The future’s bright: the future’s digital. Well, that’s what many marketing executives would have us believe.
They argue that the future of advertising must by definition be a digital one. In fact, some would even go so far as to say that internet marketing and social media marketing are the only future, and that other more traditional areas of the marketing mix like PR and offline branding and promotion are now dead ducks. But is this really true? Is the case for the superiority of digital so clear cut? Have traditional advertising methods passed their sell-by date?
Digital advertising and internet marketing.
Digital advertising can undoubtedly be good for business and make a significant contribution to growth, but it can’t fix a business overnight or guarantee that growth. It’s the overall marketing strategy that determines the success or failure of any business. An important part of that marketing strategy has to be what we could be termed bread and butter advertising. These are proven strategies and don’t lose their appeal overnight. It’s all well and good sticking a link to Facebook on a business website or adding a Twitter icon at the bottom of the homepage, but if these sit in isolation and fail to amplify other areas of the business’ marketing mix, then they won’t help to stimulate growth.
Marketing budgets: how much should be allocated to digital?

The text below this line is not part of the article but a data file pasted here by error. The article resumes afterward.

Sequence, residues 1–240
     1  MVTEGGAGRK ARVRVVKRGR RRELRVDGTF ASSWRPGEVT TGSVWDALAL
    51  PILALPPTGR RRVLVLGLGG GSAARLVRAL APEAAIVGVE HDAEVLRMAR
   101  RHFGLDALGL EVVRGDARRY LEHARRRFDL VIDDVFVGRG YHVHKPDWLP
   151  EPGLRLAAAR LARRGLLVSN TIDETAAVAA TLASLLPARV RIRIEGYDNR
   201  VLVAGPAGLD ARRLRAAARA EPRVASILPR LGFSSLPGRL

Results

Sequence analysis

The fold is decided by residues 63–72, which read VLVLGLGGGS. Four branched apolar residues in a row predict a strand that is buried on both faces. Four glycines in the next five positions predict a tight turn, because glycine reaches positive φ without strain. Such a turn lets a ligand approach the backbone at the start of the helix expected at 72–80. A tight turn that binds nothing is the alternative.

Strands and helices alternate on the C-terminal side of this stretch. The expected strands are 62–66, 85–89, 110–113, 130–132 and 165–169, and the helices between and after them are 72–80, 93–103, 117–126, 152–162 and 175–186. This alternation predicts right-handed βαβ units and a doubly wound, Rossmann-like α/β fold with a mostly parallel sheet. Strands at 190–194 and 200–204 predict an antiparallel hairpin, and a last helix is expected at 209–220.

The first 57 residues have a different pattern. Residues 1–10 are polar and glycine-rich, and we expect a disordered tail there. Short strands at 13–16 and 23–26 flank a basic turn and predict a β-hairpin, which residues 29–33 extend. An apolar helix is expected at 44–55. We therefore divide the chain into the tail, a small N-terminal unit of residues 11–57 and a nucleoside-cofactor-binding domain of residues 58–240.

What proportion of the marketing budget should be allocated to digital advertising? Well, it depends on the size of the business and the sector of the market in which the business trades. Some analysts have suggested around 15 percent, but putting strict figures on the amount of budget dedicated to digital could in some cases prove to be too prescriptive. Smaller businesses may be able to get away with spending more: larger ones may wish to allocate less. The crucial factor is that the digital advertising needs to be integrated into and work alongside the existing advertising strategy and to complement it.
Traditional advertising still has a role to play.
Traditional advertising still has a place in the digital age and it is still important. Its value lies in its ability to connect with new customers and audiences. Traditional advertising can help to generate leads and connect with the other sectors of the market that online marketing can never quite reach. Yes blogs and tweets have their place, but for a certain sector of the market these new-fangled advertising methods are anathema. Many business decision-makers don’t start their days by reading blogs and tweets; they rely instead on newspapers and business journals for their daily fix of news and industry information. Traditional advertising can reach these people: digital advertising probably won’t.
There can be little doubt that the media landscape is changing quickly, and that digital advertising is the future; however, there is still sufficient evidence to suggest that we haven’t quite reached that tipping point yet. Traditional media, PR and branding still plays a significant role in the day to day lives of ordinary business, and to ignore that by focusing exclusively on social media marketing could backfire. The smartest businesses are still using a mixture of old and new media to target as wide a range of customers as possible. Social media marketing is then used for engagement and to improve customer service.